Powell and the Cardinal come up just short.
Kevin Danna brings his insights and observations from Stanford's gut-wrenching Preseason NIT loss to Syracuse, 69-63, on Friday afternoon in New York City. Check out what Kevin thinks about their efforts on the floor and how the future looks bright for the young, but maturing, team.
We had it. The NIT Season Tip-Off Championship was
ours for the taking.
Before the tip, you just hoped the Card would be
able to hang around and play respectably. As the first few minutes wore on, you
prayed Stanford would be able to bounce back from an early 6-2 deficit. Then an
8-0 run for the Farm Boys gave one some circumstantial evidence that the Farm
Boys wouldn’t go down easy.
As the first half came to a close, it became
concrete. It was sloppy. It was ugly. A baker's dozen in turnovers and 39
percent shooting from the field. Heck, the Card had more turnovers than made
field goals in the first frame. But somehow, someway, Stanford had one-upped the
fifth-ranked team in the country for the first 20 minutes. 25-24,
As the second half played itself out, hope turned into belief.
Stanford extended their lead to eight. The Farm Boys were playing with
confidence. Big stones John Gage was unconscious from downtown. Chasson Randle
made a nice baseline move for the short-corner finish. He followed that up with
two freebies, and Stanford was up six with less than five minutes to
Then Syracuse decided they wanted to win.
A press like the
Cardinal hadn’t seen since they played the Cardinals in the 2007 NCAA
Tournament, and much like that game five Marches ago, Stanford couldn’t break
Syracuse started to warm up a little more on offense. Although Wells
Fargo had closed a couple of hours earlier, the bank was open for Kris Joseph to
give the Orange the lead, one they wouldn’t give up.
The Card had one
more strike in them - a bank shot right back at the Orange from long range for
Chasson, but that was their final tally. Stanford had a chance to take the lead
back, but two more turnovers sealed the deal.
It felt all too much like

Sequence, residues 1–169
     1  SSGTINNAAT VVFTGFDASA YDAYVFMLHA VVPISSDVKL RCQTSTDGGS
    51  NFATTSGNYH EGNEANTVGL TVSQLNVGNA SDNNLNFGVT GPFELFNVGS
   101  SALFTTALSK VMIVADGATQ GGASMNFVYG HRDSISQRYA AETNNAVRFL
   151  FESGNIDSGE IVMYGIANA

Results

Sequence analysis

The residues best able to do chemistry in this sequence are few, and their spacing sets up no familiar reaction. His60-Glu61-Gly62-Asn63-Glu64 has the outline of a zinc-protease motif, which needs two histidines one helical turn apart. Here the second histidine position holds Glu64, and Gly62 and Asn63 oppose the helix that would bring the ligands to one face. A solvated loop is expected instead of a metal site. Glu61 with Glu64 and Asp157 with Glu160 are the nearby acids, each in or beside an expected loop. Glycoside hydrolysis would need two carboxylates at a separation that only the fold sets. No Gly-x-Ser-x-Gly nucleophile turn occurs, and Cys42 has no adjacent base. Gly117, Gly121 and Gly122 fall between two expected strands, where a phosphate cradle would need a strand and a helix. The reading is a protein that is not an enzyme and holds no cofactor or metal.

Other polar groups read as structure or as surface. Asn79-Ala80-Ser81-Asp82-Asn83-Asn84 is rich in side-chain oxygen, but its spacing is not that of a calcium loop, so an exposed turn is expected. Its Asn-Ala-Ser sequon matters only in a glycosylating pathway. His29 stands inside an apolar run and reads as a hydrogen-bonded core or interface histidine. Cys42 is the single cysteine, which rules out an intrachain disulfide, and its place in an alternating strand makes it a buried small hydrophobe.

the Kentucky game of two Novembers past. Dawkins had out-coached another
high-profile head honcho, and his boys had outplayed a team with superior talent
for the vast majority of the contest. But in the end, the fifth-ranked team won
out. A program-defining victory just slipped through the fingers.
it’s not fair to compare the two games. This is a whole new squad on The Farm
with a lot more horses. Andrew Zimmermann and Jarrett Mann are the only two that
played in both games.
It’s hurts all the same, but in different
ways. In 2009-10, the Big Dance was pretty much out of the question already by
the time the Kentucky game rolled around thanks to some bad-RPI losses to the
gamblin’ Toreros and Oral Roberts. This year, Stanford has a real shot at the
tournament, and a marquee victory over the Orange in their home away from home
would have earned the Card a Top-25 ranking and put Stanford not just in
at-large consideration, but a potential early-season lock, provided they handle
business in conference play. A victory over the Orange would have been more than
just an upset and quirky win; Andy Katz, Dick Vitale, and Joe Lunardi would be
GUSHING over Stanford and calling them the new pick to win the
The pundits won’t come calling now, but it’s certainly not the
end of the world. Quite the opposite.
Twenty-four turnovers were a sight
for sore eyes, but they won’t play against a defense like that again this year.
They won’t play against a team like Syracuse again, period, until March.
Considering how the rest of the Pac-12 has looked so far, there is no
reason why Stanford shouldn’t finish higher than their pre-season ranking.
Nobody else in the conference has done better than Stanford so far, taking into
account the opponents all 12 teams have faced. Oregon State is a close second
with their win over Texas and hard-fought loss to Vanderbilt and maybe Oregon is
third for hanging tough with the Commodores and winning at
Outside of that though? Cal got absolutely embarrassed by
Missouri in pretty much the same situation Stanford faced in the Garden- playing
a team in a neutral site in their backyard. Arizona has lost to a couple of
teams they would probably beat later in the season. UCLA has gone all 2009-10 on
us. And don’t get me started on the rest of the conference…
September, I said 11-1 was doable and should be the goal in the non-conference
with this exact start in mind. Halfway through the pre-post-Christmas slate, the
Farm Boys are on schedule. Stanford lost out on an opportunity last Friday, but
they showed a lot of heart and promise and earned some respect in the process.
An at-large bid is still very much a possibility.
I like this team. A
The key now is to take care of business. Stanford will be the
favorites in the rest of their non-conference games without question.
Two three-game sets remain, each cluster with two “cupcakes” and one
“big name.” It starts on Monday with Pacific, a 2-2 squad that has yet to beat a
Monday might have “letdown game” written all over
it, but Stanford needs to SLAUGHTER the Tigers. It shouldn’t be close to close.
Our guys need to have a “you don’t belong on the same court as us, and here’s
why” mentality. Go out there and never let the Tigers get a sniff of success.
Take that frustration of the ‘Cuse loss out on another orange-clad
Time to dominate.
Are you fully subscribed to The
Bootleg? If not, then you are missing out on all the top
Cardinal coverage we provide daily on our award-winning website. Sign up today
for the biggest and best in Stanford
sports coverage with TheBootleg.com (sign-up)!